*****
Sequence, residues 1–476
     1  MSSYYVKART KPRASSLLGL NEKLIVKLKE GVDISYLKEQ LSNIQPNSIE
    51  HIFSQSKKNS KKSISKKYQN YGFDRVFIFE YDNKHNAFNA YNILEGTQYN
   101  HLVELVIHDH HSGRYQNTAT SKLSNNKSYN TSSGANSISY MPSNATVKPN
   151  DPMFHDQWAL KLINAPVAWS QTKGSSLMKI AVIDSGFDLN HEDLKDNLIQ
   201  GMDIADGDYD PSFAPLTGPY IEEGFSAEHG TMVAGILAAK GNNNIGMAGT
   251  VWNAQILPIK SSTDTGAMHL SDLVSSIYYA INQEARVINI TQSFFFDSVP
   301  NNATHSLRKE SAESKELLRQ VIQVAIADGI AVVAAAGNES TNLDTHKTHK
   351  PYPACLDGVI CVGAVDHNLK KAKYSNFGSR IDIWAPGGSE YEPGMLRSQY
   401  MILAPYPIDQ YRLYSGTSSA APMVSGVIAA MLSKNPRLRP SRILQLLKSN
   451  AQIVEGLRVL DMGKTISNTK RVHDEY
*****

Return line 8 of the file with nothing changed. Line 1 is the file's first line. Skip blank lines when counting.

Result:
   301  NNATHSLRKE SAESKELLRQ VIQVAIADGI AVVAAAGNES TNLDTHKTHK